delson says there was no evidence presented at a 29-day trial to award the money to Richard Suen, who claims he was offered us$ 100 million at one point. Through his lawyers, he was going to present his appeal to the Nevada Supreme Court Thursday on behalf of himself, Las Vegas Sands and its former president, William Weidner.
Suen argues he gave the casino idea to Adelson and officials with Las Vegas Sands to invest in Macau. He says he facilitated meetings with Chinese officials and rescued Adelson's bid when his proposal was in trouble. The us$ 43.8 million increases to us$ 58.6 million when prejudgment interest is added.
Las Vegas Sands owns the Sands Expo and Convention Center and the Venetian and Palazzo hotel-casinos in Las Vegas. Adelson is chairman and chief executive officer of the company. Las Vegas Sands opened the Sands Macao in 2003 and the Venetian Macao in 2007.
When they couldn't reach a financial agreement, Suen filed suit in Clark County District Court in Las Vegas against Adelson, the company and Weidner alleging he used his influence to get the Macau licenses.
Macau had decided in 2000 to end a monopoly and open the gambling market to competition. Adelson met Suen on a trip to Macau in July 2000, and Suen says he arranged for several meetings with Chinese officials for Adelson and Sands officials. At the time, business in Las Vegas was down due to the September 11 terrorist attacks.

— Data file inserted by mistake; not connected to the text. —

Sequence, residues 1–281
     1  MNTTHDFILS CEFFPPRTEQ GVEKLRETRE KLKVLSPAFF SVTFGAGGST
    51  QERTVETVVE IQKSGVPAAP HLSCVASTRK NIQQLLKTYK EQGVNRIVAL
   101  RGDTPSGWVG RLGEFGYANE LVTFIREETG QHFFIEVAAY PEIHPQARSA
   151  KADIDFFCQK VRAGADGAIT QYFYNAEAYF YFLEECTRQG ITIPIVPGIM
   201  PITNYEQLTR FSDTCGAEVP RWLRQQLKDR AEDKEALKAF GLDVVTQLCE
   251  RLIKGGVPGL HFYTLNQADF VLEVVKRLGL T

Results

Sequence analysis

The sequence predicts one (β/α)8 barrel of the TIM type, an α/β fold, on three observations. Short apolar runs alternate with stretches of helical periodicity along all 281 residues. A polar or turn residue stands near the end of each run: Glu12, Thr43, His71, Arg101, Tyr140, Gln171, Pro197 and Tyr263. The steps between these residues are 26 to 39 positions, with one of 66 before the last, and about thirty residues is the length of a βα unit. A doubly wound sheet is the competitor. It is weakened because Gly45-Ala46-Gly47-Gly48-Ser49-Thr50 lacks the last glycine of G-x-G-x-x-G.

Adelson sought partners to build the casino, with the Las Vegas company operating the gambling. An agreement was reached with a company called Galaxy for a us$ 1.1 billion investment. But Galaxy, which was affiliated with a Hong Kong investor, bowed out, objecting to the disclosure requirements that applied under Nevada law.
By that time, cash flow had improved and Las Vegas Sands had received permits to construct casinos on its own. During this period, Suen says he conducted a number of meetings that resulted in Las Vegas Sands getting approval for the casino construction.
Las Vegas Sands says Suen never introduced it to any potential partners. The company argues there was no evidence that influence by Suen prompted Chinese officials to express any preference for Las Vegas Sands.
Samuel Lionel, the attorney for Las Vegas Sands, said this judgment "breaks new ground in permitting a United States jury to award tens of millions of dollars based on allegedly irregular actions of a foreign government." He said the jury was allowed to presume illegal influence without the slightest evidence that it occurred.
Suen attorney James Pisanelli said there was no evidence of a violation of the law. He said there was "unrebutted testimony” that influence by the Chinese government over Macau doesn't violate the basic law. Macau is a “special administrative region” of China. Law forbids China from interfering in the Macau government except on issues of foreign affairs and national defense. The court is expected to take the arguments under study and rule later.